The Covid Effect: Montclair Sees Dramatic Uptick In Buyer Demand

I have a client who is interested in purchasing a single family home, priced around $1-million dollars, in Montclair. As a Realtor and long-time resident of Essex County I know Montclair well. I grew up next door in Glen Ridge, and I lived in Montclair for nearly 20 years. I also know that even in normal times Montclair homes are in high demand. But these are far from normal times.

As a Certified Buyer’s Representative, I believe that it’s my responsibility to help clients understand the markets they are interested in. When armed with solid information, the odds of beating the competition go up. With insufficient information, not so much. Take the current situation for example. I can explain that Covid-19 has triggered a migration of city dwellers to the suburbs and especially to towns like Montclair thereby increasing demand. It’s useful information but it doesn’t help much when planning a buying strategy. But hard data helps a lot. Here’s a hypothetical.

My client finds exactly the home she is looking for in Montclair. Asking price is $1,000,000, and it just came on the market. She wants to make an offer, but for how much and how soon? This is where the hard data come in. 

I need to know what the Covid-influenced market in Montclair looks like for houses around the price of my client’s target price range ($750,000 to $1,250,000). And, to isolate the Covid-19 affect, I want to look at sold homes that went under contract after March 1, 2020. Here’s what I found out:

  • There were 85 sales that met the criteria (no condos were included)
  • On average, the houses went under contract in 21 days, but the median days-on-market was only 11 days. That means that the preponderance of deals went down on the short side of 21 days so my client needs to move fast.
  • 85% of the homes closed at more than asking price. That means that an offer at asking price or below is more than likely to be a losing proposition.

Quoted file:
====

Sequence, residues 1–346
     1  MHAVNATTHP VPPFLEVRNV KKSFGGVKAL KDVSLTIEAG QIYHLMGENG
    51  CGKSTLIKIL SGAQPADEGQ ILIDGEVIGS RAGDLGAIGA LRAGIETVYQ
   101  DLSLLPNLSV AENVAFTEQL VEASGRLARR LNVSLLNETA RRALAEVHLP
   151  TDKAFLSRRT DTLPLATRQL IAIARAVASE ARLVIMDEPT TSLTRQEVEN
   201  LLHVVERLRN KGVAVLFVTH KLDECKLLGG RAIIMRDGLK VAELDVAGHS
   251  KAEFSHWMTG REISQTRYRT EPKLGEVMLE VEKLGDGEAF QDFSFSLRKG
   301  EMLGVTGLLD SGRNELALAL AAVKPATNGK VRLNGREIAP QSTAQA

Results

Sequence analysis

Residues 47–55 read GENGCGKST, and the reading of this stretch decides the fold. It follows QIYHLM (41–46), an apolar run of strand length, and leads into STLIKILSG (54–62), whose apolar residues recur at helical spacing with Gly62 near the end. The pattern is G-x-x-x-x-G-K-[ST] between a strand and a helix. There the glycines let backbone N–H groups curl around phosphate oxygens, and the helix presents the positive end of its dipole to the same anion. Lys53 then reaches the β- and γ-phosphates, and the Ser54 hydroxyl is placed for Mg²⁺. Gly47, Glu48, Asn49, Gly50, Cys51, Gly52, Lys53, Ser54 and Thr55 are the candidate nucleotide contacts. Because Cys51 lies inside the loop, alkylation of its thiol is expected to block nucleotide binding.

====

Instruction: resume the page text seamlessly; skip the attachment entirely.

• The average spread between sale price and asking price was $100,027 and the median spread was $111,000. That means that the preponderance of deals leaned higher than the average.
  • Only 13% of the deals advertised an invitation for highest and best offers. In other words, sellers had enough solid offers tendered during the first week or so of on-sale to decide on a winner.

Now we have enough information to arrive at an informed buying strategy:

  • This is not a market where a buyer can nibble around the edges and hope to get lucky.
  • An offer has to be strong. In this case an offer price of $1,100,000 would not be out of order.
  • Assume that you will only get one shot at it so make the offer count!

By the way, here are the numbers for the same date range in 2019.

  • There were 104 sales in 2019 rather than 85.
  • Houses went under contract in about the same length of time.
  • 77% of the houses closed at more than asking price in 2019 rather than 85% in 2020.
  • The average spread between sale price and asking price was $57,255 and the median spread was $62,500 rather than 2020’s $100,027 and $111,000.

Importantly, all towns are not the same. I have a different client who is looking for a home, in the same price point range, in a much storied town in Morris County. The numbers are radically different from Montclair. It’s important to know these things.

Shameless Sale Pitch

A certificate says that I am a Certified Buyer’s Representative. What it doesn’t say is that I really enjoy putting buyers and the homes they want together. Dare I say it’s fun? Let’s work together. Call or text me at 973-865-1863 to get started.

 



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